When Jo and Phil return, Woodcourt goes to see Jarndyce, with whom he returns. Jo's condition is worsening, and as Jo keeps mentioning Mr Snagsby, who has been his benefactor, Woodcourt goes to his place of business. When Woodcourt mentions Jo, Snagsby gives a groan: "You couldn't name an individual human being -- except myself -- that my little woman is more set and determined against than Jo." But he can't explain why, when Woodcourt asks. Nevertheless, "being tender-hearted, and affected by the account he hears of Jo's condition, he readily engages to 'look round,' as early in the evening as he can manage it quietly."

Jo tells Snagsby that Esther has been to see him and that she doesn't blame him for making him sick. And then he asks Snagsby to write something for him:
"Wot I was a thinkin on then, Mr Sangsby, wos, that wen I was moved on as fur as ever I could go and couldn't be moved no furder, whether you might be so good p'raps, as to write out, wery large so that any one could see it anywheres, as that I wos wery truly hearty sorry that I done it and that I never went fur to do it; and that though I didn't know nothink at all, I knowd was Mr Woodcot once cried over it and wos allus grieved over it, and that I hoped as he'd be able to forgiv me in his mind. If the writin could be made to say it wery large, he might."
Tearfully, Snagsby promises to do so, and, having already left three half-crowns for Jo, leaves another one.

At the end, Woodcourt asks Jo if he knows any prayers, and Jo says, as always, "Never know'd nothink, sir.... Mr Chadbands he wos a prayin wunst at Mr Sangsby's and I heerd him, but he sounded as if he wos a speakin' to his-self, and not to me." And the people who used to come to Tom-all-Alone's to pray for the people there "all mostly sed as the t'other wuns prayed wrong, and all mostly sounded to be a talking to theirsselves, or a passing blame on the t'others, and not a talkin to us." He says he would like to be buried next to "him as wos wery good to me," meaning Nemo. As Woodcourt says the Lord's Prayer, he dies, and Dickens makes his pronouncement:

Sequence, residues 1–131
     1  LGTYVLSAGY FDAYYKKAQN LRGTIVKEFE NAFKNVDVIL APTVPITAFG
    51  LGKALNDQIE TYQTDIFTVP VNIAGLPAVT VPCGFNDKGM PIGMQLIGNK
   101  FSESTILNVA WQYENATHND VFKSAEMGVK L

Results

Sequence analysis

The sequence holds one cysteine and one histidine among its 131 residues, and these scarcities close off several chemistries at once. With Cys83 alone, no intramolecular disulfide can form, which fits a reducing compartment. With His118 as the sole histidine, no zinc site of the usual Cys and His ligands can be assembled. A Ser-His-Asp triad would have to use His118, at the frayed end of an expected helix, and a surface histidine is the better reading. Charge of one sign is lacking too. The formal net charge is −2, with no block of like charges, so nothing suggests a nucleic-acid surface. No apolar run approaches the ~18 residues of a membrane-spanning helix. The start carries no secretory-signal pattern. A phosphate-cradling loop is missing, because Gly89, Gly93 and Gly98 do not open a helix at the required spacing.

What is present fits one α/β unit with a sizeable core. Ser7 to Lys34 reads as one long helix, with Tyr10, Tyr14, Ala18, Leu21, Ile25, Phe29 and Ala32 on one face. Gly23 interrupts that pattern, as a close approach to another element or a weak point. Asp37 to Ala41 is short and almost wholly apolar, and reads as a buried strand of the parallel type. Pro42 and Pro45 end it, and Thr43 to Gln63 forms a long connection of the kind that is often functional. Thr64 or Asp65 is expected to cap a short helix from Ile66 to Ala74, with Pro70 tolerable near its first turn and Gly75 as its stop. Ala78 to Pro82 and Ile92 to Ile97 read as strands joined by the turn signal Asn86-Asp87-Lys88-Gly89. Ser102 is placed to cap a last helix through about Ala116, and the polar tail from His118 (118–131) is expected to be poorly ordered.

Dead, your Majesty. Dead, my lords and gentlemen. Dead, Right Reverends and Wrong Reverends of every order. Dead, men and women, born with Heavenly compassion in your hearts. And dying thus around us, every day. 

Meanwhile, Lady Dedlock is the brilliant center of every social event, for "it is not in her nature, when envious eyes are looking on, to yield or to droop." But she is planning an act of defiance. She calls Rosa to her one morning, and prepares her for dismissal: "There are reasons now known to me, reasons in which you have no part, rendering it far better for you that you should not remain here. You must not remain here. I have determined that you shall not. I have written to the father of your lover, and he will be here to-day." Rosa is distraught, and Lady Dedlock assures her that it gives her great pain as well.

When Mr Rouncewell is announced, she goes to the library, where she finds Sir Leicester in conference with Tulkinghorn. She tells her husband that Rouncewell is there because she has decided "that we had better make an end of the question of that girl. I am tired to death of the matter." So Sir Leicester tells the footman to show "the iron gentleman" -- his term for Rouncewell the factory owner -- in. Under Lady Dedlock's questioning, Rouncewell tells her that his son is still in love with Rosa. She says, "if you cannot give us the assurance that this fancy is at an end, I have come to the conclusion that the girl had better leave me."